Early history examines the archaeological record that tells the story of the first inhabitants of Tennessee. Learn about the history and culture of the first inhabitants, and what lessons it might teach us about the early history of Tennessee.
The story of man in Tennessee begins with the last retreat of the Ice Age glaciers, when a colder climate and forests of spruce and fir prevailed in the region. Late Ice Age hunters probably followed animal herds into this area some 12,000-15,000 years ago. These nomadic Paleo-Indians camped in caves and rock shelters and left behind their distinctive arrowheads and spear points. They may have used such stone age tools to hunt the mastodon and caribou that ranged across eastern Tennessee. About 12,000 years ago, the region's climate began to warm and the predominant vegetation changed from conifer to our modern deciduous forest. Abundant acorns, hickory, chestnut and beech mast attracted large numbers of deer and elk. Warmer climate, the extinction of the large Ice Age mammals, and the spread of deciduous forests worked together to transform Indian society. During what is known as the Archaic period, descendants of the Paleo-Indians began to settle on river terraces, where they gathered wild plant food and shellfish in addition to hunting game.
Sometime between 3,000 and 900 B.C., natives took the crucial step of cultivating edible plants such as squash and gourds—the first glimmerings of agriculture. Archaic Indians thereby ensured a dependable food supply and freed themselves from seasonal shortages of wild plant foods and game. With a more secure food supply, populations expanded rapidly and scattered bands combined to form larger villages.
The next major stage of Tennessee pre-history, lasting almost 2,000 years, is known as the Woodland period. This era saw the introduction of pottery, the beginnings of settled farming communities, the construction of burial mounds and the growing stratification of Indian society. Native Americans in Tennessee made the transition from societies of hunters and gatherers to well-organized tribal, agricul- Early man hunted mastodon that roamed during the last Ice Age.
The peak of prehistoric cultural development in Tennessee occurred during the Mississippian period (900-1,600 A.D.). Cultivation of new and improved strains of corn and beans fueled another large jump in population. An increase in territorial warfare and the erection of ceremonial temples and public structures attest to the growing role of chieftains and tribalism in Indian life. Elaborate pottery styles and an array of personal artifacts such as combs, pipes, and jewelry marked the complex society of these last prehistoric inhabitants of Tennessee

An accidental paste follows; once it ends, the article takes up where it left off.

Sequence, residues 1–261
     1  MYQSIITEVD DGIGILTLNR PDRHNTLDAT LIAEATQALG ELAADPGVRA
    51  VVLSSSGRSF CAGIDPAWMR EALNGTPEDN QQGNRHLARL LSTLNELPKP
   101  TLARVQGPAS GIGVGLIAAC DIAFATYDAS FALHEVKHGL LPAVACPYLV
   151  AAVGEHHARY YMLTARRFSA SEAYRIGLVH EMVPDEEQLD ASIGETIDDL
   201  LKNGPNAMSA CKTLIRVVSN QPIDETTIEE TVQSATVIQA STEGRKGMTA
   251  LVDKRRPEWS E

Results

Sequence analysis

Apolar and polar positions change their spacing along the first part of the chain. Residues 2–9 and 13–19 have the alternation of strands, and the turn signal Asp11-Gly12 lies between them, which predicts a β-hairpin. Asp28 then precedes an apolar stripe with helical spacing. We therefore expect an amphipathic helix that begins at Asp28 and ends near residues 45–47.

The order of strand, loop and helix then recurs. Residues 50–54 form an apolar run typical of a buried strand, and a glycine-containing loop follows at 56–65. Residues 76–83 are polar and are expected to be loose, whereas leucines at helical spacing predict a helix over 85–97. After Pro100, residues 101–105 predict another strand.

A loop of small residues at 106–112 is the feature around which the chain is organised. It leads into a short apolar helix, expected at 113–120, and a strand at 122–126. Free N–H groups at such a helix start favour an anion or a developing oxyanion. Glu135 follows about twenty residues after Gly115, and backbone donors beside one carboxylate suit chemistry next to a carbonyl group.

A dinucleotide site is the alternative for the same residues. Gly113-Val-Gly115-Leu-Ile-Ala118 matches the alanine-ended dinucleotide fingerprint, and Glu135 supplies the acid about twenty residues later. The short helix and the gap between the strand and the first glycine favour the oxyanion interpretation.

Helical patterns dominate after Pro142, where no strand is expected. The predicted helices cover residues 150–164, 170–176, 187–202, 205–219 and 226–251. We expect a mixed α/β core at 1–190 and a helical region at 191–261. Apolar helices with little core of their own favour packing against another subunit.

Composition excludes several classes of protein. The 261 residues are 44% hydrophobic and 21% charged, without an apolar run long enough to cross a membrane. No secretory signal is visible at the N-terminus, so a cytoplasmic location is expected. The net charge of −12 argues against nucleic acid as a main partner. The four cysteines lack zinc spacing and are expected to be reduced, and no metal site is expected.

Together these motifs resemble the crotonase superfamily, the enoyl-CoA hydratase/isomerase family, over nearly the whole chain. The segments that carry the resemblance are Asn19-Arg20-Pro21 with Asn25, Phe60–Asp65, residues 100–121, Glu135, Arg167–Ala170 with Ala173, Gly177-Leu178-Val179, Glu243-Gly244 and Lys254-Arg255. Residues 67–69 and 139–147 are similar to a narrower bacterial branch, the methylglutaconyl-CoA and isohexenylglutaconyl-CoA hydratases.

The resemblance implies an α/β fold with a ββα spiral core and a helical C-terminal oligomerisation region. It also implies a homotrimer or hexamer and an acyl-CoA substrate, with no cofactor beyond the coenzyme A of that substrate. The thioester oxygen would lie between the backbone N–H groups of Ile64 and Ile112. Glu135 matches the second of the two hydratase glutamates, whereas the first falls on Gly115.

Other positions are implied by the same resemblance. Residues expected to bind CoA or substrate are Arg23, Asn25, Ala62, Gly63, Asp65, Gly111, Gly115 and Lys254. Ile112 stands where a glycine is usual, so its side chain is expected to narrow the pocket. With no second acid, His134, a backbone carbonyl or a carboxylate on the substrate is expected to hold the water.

Sometime between 3,000 and 900 BC, natives began to cultivate plants such as squash and gourds, and could therefore depend upon a regular food supply.
This caused the native population to increase, and groups of nomadic hunters began to settle into larger villages.
During the next stage, known as the Woodland period, natives began to make pottery, develop agriculture, construct burial mounds, and live in large, permanent towns. Between 900 and 1600 AD, natives learned to cultivate corn and beans, and the population increased again. It was at this time that groups of natives began to battle each other for territory and develop tribal identity. Archaeologists have found elaborate pottery, and personal items like combs, pipes and jewelry which demonstrate the complexity of these native societies.
The first Europeans to explore the area were led by Hernando de Soto in 1541 as part of de Soto's futile search for gold and silver. Two later expeditions led by Juan Pardo introduced firearms and deadly European diseases to the native populations. Both of these prompted a sharp decline in the native tribes. Guns changed the way the natives hunted and battled with neighboring tribes, and made the native people dependent upon the colonial fur trade. Natives supplied deer and beaver hides to European traders in return for guns, rum and manufactured articles. No longer were the native tribes self-sufficient, and they began more and more influenced by European settlers and politics.
In the 150 years after de Soto first came to Tennessee, new native tribes moved into the area, defeating the less developed tribes. The Cherokee, the Chickasaw and the Shawnee tribes began to increase their influence in the area, but by 1715, the stronger Cherokee and Chickasaw had driven out the Shawnee.
A HISTORY OF TENNESSEE - TENNESSEE BLUE BOOK
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